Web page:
It cost British American Insurance Company (Barbados) Limited (BAICO) $2 million a year in fees to the judicial manager since the failed company was placed under a court-supervised rescue plan over five years ago.
At the same time, as at the valuation date the collapsed insurance company owes $26.7 million in outstanding claims, including 150 death claims totaling $6.7 million.
In its detailed final report, the judicial manager, KPMG, said its fees amounted to $13 million “in respect of time charged by the judicial manager and its staff on a time cost basis”.
This is half of the total spending since the insurance company was placed under judicial management on September 30, 2010.
During the period BAICO made over $30 million but spent more than $26 million, according to the report.
It said other “significant payments” during the management period included $5.7 million to BAICO employees who were retained by the judicial manager; actuarial fees of $2.9 million, Value Added Tax (VAT) of $3.1 million and $2.2 million in legal advice fees “relating to case-specific legal issues associated with the judicial manager, including preparing legal opinions, preparing court documents, attending court, drafting the insurance substitution agreements, drafting the sale and purchase agreement and drafting the transfer scheme”.
At the time of the judicial manager’s appointment, the company had $2.5 million in its account, which was supplemented by $1.1 million from rental of property the company owned; $5.4 million in interest and dividends from the various shares, bonds and cash investments and $2.3 million in interest on the segregated premiums.
The judicial manager said it was also in talks with the Barbados Revenue Authority regarding outstanding VAT refunds of $2.3 million as at December 31, 2014.
Policyholder premiums are not recorded in the judicial management receipts and payments account as they are held in a separate segregated account.
“Financial asset realizations of $24.5 million were received since the appointment date. These assets were realized following court approval and with the consent of the FSC [Financial Services Commission], and were used to fund the expenses of the company during the judicial management. And there was a balance of $1.4 million [$2.5 million less $1.1 million] related to the segregated premium for the health, property and personal accident trading period that was used to replenish the Statutory Fund,” it explained.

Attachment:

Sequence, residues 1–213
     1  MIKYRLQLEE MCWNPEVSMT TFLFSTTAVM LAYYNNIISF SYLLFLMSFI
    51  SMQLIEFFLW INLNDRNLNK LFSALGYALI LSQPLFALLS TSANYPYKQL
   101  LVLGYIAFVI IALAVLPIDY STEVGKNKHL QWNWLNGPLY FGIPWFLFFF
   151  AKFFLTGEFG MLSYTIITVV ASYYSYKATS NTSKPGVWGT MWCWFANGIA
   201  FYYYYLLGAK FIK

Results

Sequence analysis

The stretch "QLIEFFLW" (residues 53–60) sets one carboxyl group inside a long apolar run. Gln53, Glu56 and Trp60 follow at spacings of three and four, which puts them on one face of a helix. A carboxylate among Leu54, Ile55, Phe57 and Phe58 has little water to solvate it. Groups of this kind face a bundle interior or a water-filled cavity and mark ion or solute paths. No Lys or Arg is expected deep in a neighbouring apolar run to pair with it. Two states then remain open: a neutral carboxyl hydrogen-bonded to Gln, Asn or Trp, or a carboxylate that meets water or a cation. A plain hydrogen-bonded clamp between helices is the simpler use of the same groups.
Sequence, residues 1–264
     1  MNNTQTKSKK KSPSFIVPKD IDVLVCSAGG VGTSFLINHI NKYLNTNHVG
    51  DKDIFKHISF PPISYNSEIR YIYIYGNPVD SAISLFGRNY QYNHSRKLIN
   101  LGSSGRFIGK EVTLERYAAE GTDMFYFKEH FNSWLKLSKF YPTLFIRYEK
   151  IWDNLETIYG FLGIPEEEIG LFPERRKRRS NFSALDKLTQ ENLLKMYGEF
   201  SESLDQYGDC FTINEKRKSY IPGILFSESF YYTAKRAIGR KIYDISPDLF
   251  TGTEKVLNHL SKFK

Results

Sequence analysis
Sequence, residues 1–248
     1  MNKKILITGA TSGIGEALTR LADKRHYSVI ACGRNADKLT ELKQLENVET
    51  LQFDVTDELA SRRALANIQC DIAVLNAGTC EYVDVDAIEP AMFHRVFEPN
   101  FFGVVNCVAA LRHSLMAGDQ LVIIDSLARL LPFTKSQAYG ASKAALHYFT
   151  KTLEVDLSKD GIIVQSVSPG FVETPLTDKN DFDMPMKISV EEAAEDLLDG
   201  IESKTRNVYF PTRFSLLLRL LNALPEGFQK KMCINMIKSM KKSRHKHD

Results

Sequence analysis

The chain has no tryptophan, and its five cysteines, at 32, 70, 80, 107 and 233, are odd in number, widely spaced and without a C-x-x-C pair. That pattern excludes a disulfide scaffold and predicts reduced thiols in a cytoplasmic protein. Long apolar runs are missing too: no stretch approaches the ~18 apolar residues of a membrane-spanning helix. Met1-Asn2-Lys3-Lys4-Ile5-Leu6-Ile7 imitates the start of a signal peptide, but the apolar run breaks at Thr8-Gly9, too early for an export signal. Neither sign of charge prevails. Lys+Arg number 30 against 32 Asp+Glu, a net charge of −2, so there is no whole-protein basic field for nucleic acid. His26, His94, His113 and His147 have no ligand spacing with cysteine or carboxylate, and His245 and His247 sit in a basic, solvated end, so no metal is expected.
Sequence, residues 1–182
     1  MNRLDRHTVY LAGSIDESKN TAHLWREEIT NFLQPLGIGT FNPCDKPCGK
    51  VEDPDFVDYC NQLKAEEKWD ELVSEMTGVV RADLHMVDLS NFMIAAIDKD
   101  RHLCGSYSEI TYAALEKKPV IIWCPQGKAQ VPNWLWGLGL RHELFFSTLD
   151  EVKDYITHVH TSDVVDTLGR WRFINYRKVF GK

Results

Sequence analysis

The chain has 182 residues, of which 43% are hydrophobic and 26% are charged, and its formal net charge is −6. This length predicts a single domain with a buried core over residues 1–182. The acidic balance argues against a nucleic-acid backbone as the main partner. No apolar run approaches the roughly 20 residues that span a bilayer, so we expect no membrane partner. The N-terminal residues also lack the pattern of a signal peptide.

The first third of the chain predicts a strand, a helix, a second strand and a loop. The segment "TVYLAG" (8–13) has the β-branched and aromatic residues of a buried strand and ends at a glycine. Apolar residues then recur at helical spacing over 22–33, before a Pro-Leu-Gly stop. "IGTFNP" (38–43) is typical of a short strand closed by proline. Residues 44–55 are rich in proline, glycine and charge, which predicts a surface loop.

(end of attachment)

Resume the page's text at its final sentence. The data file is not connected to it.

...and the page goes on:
According to the report, in about four months from now BAICO’s assets are expected to be transferred to insurance giant Sagicor, as agreed under the restructuring plan late
It added that a bar date and lapsed policy offer deadline were expected to be set after three months, with the bar date helping to achieve certainty over the value of BAICO’s liabilities as well as “to ensure that every potential life and annuity policyholder has the opportunity to be included in the solution.
“It will also enable a crystallized position with regards to BAICO’s assets and liabilities to be ascertained as at the court approval date,” it said.
These liabilities include 915 claims against the company with a total value of $26.7 million, of which there are 150 death claims totaling approximately $6.7 million; 647 policy maturities totaling approximately $18.5 million; and 118 policy surrenders totalling approximately $1.5 million, it said.
As at September 30, 2010 there were 1,692 policyholders who had taken loans against their policy fund and cash values. Consequently, the loans were treated as an asset in the transaction and set against the policy liabilities.
The report stated that all premiums received after the appointment date had been held in a segregated account for “the protection of these deposits in the event that a solution to transfer the policies was not achieved.
“Notwithstanding, where policyholders requested a refund of the premiums paid post appointment date they were returned. However, subsequent to the signing of the sale and purchase agreement between the judicial manager, BAICO and Sagicor on December 21, 2015, no further refunds have been permitted as the judicial manager has identified a solution which requires the value of the segregated premiums to remain at a certain level to be transferred to Sagicor,” it explained.